Review of Examples of Advocacy
What is Advocacy?
“Advocacy is defined as any action that speaks in favor of, recommends, argues for a cause, supports or defends, or pleads on behalf of others.” (Alliance for Justice)
Activism and Lobbying are types of Advocacy:
· Activism – the action part of advocacy
· Lobbying – attempting to influence the decisions of officials
How to go about Advocating:
· Be gracious – always thank the person you are sharing with for their time
· Be professional – dress and act professionally
· Be focused – talk about one issue
· Do your homework – research the person’s position on the issue you will be speaking to them about
· Make a personal connection – let the person know if you have any friends, relatives, or colleagues in common; it is especially important to tell them if you are a constituent
· Consider yourself an information source – encourage the person’s questions about the issue and offer more information
· Tell the truth – do not provide false or misleading information
· Know who else is on your side – let the person know what other groups, individuals, state agencies, and/or legislators are working on the same issue
· Know the opposition – know the individuals and organizations that may be in opposition and be prepared to provide clarification and rebuttal
· Don’t be afraid to admit you don’t know something – but if you don’t know something, get the information and provide it promptly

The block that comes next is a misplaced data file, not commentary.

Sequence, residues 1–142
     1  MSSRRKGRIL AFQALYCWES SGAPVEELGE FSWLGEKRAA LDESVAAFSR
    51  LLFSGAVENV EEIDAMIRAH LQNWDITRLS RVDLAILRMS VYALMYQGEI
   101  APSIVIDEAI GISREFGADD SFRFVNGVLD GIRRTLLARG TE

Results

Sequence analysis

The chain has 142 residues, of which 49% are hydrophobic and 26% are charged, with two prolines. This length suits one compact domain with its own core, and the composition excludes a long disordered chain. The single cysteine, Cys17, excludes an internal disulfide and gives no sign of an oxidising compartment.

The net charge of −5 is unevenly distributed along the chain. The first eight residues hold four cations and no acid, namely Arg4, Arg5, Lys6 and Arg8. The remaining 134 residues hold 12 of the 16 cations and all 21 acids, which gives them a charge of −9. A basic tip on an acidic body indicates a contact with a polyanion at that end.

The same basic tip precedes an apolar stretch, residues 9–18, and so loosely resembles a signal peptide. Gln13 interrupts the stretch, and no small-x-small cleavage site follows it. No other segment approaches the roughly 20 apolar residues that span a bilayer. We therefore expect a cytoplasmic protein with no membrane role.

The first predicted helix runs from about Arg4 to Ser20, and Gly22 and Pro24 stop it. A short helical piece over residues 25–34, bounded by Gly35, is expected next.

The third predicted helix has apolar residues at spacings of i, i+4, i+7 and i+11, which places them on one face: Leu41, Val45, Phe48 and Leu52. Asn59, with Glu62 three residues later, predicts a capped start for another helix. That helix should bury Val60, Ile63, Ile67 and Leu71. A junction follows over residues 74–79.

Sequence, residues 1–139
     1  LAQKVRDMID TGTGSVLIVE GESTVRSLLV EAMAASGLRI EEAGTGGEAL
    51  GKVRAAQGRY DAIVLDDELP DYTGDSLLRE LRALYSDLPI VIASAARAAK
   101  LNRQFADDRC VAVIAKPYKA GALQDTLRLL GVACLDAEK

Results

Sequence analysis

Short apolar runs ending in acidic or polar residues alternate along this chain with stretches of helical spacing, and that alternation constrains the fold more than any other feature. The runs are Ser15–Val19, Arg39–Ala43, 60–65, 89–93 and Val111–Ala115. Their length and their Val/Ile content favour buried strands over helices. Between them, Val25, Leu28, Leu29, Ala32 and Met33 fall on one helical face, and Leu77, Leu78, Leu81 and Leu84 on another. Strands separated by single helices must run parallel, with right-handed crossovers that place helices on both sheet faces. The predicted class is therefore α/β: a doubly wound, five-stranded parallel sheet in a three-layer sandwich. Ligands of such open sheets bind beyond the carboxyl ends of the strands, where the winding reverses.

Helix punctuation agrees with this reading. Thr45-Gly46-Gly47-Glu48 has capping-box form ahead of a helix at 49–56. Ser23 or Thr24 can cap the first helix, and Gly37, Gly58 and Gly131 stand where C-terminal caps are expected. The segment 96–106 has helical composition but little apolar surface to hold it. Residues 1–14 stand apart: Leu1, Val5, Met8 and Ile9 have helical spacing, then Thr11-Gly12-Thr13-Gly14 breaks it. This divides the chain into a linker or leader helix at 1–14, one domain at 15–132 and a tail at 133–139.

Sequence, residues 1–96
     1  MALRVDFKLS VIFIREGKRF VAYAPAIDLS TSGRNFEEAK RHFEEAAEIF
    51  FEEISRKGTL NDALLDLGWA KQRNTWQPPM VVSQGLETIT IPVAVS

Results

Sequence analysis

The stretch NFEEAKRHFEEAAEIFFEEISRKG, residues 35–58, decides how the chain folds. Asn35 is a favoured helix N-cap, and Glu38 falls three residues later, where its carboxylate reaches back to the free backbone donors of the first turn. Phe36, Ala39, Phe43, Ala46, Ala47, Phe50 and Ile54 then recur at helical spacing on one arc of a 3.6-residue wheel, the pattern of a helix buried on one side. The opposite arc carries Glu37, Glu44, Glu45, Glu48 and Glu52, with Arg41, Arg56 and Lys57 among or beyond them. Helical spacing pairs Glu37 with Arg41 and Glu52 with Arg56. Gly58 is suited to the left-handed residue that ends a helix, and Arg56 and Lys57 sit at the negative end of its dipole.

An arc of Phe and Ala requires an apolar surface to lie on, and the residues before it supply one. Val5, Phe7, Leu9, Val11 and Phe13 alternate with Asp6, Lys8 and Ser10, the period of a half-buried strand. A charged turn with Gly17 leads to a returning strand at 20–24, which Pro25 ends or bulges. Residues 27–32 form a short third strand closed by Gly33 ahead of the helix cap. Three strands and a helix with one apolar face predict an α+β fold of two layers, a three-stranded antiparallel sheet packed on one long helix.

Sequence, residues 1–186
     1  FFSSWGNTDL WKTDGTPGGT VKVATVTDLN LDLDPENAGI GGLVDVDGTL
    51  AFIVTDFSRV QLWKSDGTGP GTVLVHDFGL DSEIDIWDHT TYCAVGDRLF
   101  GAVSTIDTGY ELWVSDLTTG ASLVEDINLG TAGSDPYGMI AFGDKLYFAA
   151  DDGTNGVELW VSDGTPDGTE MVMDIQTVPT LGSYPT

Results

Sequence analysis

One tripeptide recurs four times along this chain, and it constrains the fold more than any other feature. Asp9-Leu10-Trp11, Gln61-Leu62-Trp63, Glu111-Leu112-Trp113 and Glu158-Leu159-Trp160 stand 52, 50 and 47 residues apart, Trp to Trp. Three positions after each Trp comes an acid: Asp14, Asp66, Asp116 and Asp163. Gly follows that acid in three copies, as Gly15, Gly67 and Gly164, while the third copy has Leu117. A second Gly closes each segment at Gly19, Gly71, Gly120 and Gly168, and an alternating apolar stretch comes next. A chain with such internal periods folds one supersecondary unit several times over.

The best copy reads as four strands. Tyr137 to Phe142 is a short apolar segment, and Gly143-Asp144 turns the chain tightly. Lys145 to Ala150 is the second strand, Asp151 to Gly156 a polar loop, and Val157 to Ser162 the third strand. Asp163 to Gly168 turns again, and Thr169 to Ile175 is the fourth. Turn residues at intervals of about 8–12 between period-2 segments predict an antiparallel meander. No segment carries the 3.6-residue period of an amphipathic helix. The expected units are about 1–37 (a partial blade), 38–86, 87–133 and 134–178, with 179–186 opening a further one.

· Be specific in what you ask for – say what you want directly and make sure to get a yes or no response
· Follow up – send a letter that restates your opinion and thanks for their support or asks for an explanation if they did not support
· Stay informed – policy decisions and legislation are constantly changing and it is important to stay up to date
· Don’t burn any bridges – do not get into a heated argument, it is more important to maintain a good relationship
· Remember, you are the boss – do not be intimated, the government works for you
Examples of Effective Advocacy (for Family Planning and Reproductive Health):
· Kenya – Youth Initiatives Project developed a campaign to show leaders that providing youth with health information and services could address many reproductive health concerns.
· Turkey – 17 women’s organizations formed a coalition to promote equality for women. Together they were able to obtain new government funding for contraceptives.
· The Philippines – the Family Planning Organization of the Philippines provided persuasive information about the benefits of family planning to refute the criticisms of religious groups who claimed family planning is “anti-child, anti-family, and anti-life”.
· Bolivia – A coalition of Bolivian family planning organizations developed a campaign to make the topic of family planning less taboo and to promote public discussion.
· Jordan – the Jordan National Population Commission focused on reaching male religious leaders, physicians, social workers, and other community opinion leaders in an effort to increase men’s approval of modern contraceptives.